Dan Norcross of Test Match Sofa has appeared on the 24hrLondon Tumblr blog (which describes itself as a snapshot of London, its culture and identity etc.) and made some rather interesting comments. The distinct problem with them though is that for the most part they make sense and articulate; both of which are rare in the supposedly modern 21st Century.
His point about going to war to defend a resource which had the money been properly spent in the first place wouldn't have required defending so voraciously, represents the classic economic question of "opportunity cost", that is what was forgone in order to achieve the desired outcome.
Suppose Britain hadn't gone to war in Iraq (illegally and under the premise of a lie), then they collectively would not have spent more than 20 billion pounds and not wasted the best part of ten years. Further suppose that money had been spent on researching alternative fuels and energy technologies, what would we be driving around in now? Moreover, what sort if other energy solutions would have been found?
As it stands already, Britain should in theory be completely self sufficient when it comes to oil, because so much if the North Sea oil reserves lie within its territorial waters. Curiously it is reluctant to defend this claim and readily sells rights to which ever supermajor happens to court the government of the day.
The idea of harnessing wind and wave power seems sensible to me, given that it is at least as I can work out for all intents and purposes limitless. Physics does suggest that there should be a loss of momentum of the planet but given that the earth is so very big, it surely borders the negligible. The reason why such a plan won't happen is that this would require actual investment, and since the British Government is so anti providing any services at all these days, it's not going to happen.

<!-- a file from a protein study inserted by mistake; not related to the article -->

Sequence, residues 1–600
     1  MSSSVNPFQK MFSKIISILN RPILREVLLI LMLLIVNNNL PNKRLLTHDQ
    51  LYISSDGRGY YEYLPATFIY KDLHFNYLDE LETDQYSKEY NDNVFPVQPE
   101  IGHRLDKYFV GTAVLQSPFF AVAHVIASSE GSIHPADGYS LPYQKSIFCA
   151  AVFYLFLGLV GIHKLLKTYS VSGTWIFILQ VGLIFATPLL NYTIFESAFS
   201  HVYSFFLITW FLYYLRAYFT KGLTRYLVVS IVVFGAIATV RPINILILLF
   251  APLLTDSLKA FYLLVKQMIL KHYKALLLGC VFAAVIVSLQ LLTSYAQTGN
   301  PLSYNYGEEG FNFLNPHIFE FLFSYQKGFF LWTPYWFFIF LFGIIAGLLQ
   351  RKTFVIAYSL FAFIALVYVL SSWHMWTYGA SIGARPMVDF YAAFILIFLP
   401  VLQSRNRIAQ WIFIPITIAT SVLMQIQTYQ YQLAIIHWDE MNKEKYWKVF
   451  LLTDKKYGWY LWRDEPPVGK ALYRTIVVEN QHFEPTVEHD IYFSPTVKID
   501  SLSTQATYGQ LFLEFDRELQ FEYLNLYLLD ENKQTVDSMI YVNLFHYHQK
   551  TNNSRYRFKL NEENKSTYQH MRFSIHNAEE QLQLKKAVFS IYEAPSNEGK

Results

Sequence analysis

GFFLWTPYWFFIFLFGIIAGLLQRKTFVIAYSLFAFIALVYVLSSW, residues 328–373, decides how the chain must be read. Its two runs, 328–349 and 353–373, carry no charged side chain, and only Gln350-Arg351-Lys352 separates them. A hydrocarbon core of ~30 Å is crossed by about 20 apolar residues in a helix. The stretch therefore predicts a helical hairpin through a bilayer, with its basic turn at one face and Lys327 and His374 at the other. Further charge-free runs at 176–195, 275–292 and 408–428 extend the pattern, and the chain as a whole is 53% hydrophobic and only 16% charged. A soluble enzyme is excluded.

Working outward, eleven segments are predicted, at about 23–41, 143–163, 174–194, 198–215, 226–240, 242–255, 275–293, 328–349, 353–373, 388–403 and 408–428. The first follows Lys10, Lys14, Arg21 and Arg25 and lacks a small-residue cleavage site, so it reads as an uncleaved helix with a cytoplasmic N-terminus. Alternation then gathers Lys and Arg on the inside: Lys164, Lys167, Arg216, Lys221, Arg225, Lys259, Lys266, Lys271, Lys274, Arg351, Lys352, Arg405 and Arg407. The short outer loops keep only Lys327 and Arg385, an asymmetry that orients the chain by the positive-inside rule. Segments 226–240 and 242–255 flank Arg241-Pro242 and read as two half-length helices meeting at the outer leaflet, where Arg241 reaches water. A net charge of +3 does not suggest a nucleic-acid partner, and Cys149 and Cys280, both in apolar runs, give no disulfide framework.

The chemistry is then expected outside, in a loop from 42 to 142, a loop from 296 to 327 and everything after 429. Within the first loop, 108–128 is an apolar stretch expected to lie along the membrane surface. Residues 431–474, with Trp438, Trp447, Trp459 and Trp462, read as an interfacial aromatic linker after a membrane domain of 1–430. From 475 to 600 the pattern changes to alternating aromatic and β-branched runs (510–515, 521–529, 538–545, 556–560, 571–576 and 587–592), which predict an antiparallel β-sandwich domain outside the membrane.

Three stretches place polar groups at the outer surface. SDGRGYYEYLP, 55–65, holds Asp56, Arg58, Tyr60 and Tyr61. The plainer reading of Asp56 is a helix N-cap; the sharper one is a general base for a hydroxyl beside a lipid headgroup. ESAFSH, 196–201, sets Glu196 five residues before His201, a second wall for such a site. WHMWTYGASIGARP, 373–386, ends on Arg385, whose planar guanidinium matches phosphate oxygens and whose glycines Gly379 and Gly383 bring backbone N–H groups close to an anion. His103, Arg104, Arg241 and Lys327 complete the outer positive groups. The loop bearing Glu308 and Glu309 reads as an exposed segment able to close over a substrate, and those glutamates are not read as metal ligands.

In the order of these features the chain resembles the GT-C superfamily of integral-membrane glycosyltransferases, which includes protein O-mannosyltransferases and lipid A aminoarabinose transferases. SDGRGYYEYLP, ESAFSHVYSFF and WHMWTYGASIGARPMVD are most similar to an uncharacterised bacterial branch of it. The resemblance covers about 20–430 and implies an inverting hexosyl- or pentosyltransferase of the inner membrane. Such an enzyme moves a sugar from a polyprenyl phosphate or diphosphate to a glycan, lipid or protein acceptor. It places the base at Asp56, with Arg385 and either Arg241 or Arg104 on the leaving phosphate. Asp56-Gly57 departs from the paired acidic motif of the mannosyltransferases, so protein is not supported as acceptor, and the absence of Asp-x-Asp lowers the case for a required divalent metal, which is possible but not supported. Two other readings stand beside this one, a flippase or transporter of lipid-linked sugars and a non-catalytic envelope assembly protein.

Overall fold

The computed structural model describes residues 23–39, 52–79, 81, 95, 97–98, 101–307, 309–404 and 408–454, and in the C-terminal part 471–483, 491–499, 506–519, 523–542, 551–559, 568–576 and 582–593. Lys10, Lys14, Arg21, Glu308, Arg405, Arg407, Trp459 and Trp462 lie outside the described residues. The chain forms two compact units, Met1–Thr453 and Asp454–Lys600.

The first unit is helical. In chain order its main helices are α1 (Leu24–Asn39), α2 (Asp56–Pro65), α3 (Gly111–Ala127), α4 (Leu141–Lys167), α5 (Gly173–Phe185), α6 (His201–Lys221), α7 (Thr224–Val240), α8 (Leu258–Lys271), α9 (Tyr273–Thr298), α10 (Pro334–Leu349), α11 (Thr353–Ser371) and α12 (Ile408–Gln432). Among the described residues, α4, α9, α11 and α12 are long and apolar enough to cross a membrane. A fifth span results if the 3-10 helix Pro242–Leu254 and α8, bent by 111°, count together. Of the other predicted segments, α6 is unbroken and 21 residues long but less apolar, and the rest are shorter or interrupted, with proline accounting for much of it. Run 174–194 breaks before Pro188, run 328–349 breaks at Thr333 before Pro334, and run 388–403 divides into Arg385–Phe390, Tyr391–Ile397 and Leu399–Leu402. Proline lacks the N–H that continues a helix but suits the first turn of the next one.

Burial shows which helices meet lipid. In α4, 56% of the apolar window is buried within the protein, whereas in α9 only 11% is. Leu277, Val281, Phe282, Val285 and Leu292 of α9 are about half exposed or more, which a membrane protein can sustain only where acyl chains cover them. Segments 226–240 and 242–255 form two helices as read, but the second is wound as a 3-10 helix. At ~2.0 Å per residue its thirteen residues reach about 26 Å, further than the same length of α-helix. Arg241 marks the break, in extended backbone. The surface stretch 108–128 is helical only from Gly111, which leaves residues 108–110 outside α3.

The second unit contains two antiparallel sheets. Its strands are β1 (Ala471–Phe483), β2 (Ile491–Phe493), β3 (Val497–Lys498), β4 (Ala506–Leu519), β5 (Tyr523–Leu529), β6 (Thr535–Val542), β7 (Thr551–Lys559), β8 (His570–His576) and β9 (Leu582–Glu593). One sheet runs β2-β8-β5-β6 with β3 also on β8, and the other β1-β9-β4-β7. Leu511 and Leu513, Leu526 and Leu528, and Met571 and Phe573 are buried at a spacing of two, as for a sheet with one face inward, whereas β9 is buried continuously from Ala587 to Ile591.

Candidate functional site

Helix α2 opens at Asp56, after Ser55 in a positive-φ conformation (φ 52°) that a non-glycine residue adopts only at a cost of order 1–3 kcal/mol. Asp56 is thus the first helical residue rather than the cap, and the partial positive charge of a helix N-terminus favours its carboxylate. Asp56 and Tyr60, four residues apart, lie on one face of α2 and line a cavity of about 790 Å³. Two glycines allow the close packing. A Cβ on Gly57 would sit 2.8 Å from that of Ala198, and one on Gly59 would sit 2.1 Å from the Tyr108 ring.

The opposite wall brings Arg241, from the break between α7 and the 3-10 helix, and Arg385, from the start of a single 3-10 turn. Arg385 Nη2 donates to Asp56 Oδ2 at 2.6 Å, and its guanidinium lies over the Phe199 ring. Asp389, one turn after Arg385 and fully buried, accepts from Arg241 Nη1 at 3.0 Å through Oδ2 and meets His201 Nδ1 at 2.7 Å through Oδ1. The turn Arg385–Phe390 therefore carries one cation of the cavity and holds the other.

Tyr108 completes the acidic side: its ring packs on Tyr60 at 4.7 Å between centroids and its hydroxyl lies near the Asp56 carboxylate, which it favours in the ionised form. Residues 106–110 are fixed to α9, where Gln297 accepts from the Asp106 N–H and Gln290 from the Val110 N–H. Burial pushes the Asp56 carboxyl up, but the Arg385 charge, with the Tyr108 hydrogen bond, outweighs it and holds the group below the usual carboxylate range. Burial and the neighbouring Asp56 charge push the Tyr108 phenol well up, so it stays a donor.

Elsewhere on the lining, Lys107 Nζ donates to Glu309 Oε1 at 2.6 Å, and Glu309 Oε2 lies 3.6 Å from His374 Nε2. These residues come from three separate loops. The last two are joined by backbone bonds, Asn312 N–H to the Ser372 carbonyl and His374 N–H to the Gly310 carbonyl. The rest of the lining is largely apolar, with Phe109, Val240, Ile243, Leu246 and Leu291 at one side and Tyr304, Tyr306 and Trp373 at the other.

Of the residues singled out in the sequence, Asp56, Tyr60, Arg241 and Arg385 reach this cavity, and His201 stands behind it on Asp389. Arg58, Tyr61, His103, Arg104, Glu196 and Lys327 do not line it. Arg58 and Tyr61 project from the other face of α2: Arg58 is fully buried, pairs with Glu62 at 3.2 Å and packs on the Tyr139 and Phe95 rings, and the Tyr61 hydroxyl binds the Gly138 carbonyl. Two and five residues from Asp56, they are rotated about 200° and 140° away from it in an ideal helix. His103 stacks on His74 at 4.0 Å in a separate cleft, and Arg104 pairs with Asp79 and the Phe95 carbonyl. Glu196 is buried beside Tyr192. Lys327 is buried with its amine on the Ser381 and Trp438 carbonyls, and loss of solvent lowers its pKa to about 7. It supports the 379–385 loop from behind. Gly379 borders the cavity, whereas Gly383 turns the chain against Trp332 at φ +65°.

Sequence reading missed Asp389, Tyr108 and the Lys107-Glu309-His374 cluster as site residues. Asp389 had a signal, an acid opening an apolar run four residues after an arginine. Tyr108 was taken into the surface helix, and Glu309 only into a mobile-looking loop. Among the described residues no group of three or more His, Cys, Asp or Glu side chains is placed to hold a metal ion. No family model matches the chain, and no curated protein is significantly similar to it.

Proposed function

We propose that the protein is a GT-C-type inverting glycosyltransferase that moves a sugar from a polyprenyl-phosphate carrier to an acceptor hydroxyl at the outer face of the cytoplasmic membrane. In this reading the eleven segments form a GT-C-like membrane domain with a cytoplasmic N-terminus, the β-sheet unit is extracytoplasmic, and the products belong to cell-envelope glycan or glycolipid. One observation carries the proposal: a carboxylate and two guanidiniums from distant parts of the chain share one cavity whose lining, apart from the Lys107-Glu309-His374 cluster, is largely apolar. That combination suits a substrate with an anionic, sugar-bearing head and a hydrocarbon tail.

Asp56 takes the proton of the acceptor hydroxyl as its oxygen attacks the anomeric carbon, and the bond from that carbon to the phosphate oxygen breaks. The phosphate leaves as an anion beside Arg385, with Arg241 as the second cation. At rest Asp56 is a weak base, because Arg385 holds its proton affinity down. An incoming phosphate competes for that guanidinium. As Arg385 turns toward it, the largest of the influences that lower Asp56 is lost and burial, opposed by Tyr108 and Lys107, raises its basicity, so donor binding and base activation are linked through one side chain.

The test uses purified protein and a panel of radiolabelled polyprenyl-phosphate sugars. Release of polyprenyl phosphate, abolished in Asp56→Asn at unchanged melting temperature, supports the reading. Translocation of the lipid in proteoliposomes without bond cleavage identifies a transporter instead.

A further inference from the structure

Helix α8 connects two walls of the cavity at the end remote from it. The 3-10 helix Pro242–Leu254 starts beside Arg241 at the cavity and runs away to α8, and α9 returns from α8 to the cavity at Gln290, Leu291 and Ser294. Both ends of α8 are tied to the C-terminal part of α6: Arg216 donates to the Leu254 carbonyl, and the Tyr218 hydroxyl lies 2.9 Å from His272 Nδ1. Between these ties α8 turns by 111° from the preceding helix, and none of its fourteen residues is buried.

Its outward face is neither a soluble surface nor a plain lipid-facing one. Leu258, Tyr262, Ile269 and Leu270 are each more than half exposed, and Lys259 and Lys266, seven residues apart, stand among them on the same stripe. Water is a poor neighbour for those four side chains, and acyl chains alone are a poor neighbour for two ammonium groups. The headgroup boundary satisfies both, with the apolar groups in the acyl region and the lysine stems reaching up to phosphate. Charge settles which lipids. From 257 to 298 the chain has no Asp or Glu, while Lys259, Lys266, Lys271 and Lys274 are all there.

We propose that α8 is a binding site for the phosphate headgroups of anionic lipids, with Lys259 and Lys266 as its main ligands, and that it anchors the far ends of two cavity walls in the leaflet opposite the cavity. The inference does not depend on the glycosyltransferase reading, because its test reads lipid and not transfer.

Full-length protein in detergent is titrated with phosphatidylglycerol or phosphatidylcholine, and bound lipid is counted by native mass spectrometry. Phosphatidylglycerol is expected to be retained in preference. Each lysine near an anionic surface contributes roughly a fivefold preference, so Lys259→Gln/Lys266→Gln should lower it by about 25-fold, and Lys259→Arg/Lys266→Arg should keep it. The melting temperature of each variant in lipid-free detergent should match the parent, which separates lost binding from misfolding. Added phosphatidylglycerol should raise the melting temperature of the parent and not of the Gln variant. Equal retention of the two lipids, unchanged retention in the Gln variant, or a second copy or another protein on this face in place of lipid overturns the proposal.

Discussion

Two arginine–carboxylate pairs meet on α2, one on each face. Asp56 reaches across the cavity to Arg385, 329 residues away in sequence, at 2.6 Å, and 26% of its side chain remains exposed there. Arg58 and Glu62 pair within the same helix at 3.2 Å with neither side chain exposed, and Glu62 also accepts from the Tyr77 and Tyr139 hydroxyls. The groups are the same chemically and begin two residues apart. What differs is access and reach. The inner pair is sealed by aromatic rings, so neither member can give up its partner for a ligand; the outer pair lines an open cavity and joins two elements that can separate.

Private firms won't do it unless there is a profit in it and no firm is going to invest in something where the date for the return on investment is probably later than their investment cycle.
The thing is though that oil is in fact something worth defending even if not for the purposes of energy or running our motor cars with. Crude Oil and in singularly Middle Eastern crude, is where we happen to get our greases and more importantly, plastics from. Owing to the vagrancies of carbon chemistry, it is easier to crack long chain carbon chemicals than to add together short chains; these two broad product categories are the main drivers for the price of oil.
Plastics in particular are almost ubiquitous in modern society. Where once wood and quite possibly metals were used to build things, plastic has found its way into virtually every manufacture that isn't edible and provides many of the packages for products that are. George Carlin suggested jokingly that that's the reason why the earth allowed us to be created and why we're going to be phased out, the earth wanted plastic for itself.
The last point about buying up the Australian coast to be somewhere warm reflects a very British outlook. However by following a very simple plan, Britons needn't worry about this at all.
If we assume that global warming is a real thing and not something that "Lord Monkton" and his bonkers pals repeatedly shout down as a giant mad hoax, then all the people of Britain need to do is buy British and get Range Rover Smogmaster 6000s (I'm sure the name can be worked on later). If global warming is used to proper advantage, then maybe one day, Skegness will need to change its slogan from "Skegness is so bracing" to "Skegness is lovely and toasty".